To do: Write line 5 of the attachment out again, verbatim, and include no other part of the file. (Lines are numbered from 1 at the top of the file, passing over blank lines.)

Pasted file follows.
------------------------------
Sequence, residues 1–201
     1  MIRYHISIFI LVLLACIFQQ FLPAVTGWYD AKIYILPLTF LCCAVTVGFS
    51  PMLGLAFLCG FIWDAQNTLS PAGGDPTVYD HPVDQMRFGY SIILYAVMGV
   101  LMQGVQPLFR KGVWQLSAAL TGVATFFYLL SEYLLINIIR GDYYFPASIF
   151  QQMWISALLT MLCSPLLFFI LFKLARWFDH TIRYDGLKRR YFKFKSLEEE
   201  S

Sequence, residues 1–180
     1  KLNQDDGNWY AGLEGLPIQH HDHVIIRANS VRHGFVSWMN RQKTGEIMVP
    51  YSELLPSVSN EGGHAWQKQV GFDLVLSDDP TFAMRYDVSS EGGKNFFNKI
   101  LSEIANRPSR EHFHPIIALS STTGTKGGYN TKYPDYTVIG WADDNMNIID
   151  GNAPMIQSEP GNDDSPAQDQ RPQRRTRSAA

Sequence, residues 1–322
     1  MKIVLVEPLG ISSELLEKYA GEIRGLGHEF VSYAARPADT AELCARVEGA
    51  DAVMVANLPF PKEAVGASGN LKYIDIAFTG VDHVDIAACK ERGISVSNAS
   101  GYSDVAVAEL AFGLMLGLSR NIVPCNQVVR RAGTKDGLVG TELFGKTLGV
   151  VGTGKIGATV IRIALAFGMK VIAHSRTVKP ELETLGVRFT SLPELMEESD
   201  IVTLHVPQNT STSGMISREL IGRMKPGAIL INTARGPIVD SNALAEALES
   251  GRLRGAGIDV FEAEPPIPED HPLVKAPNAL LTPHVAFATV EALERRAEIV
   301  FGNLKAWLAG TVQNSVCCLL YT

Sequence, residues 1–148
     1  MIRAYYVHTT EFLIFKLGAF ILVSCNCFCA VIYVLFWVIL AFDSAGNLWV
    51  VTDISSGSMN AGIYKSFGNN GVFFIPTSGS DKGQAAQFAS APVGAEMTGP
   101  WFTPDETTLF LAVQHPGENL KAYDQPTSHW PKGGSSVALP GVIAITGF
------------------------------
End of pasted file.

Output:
   151  QQMWISALLT MLCSPLLFFI LFKLARWFDH TIRYDGLKRR YFKFKSLEEE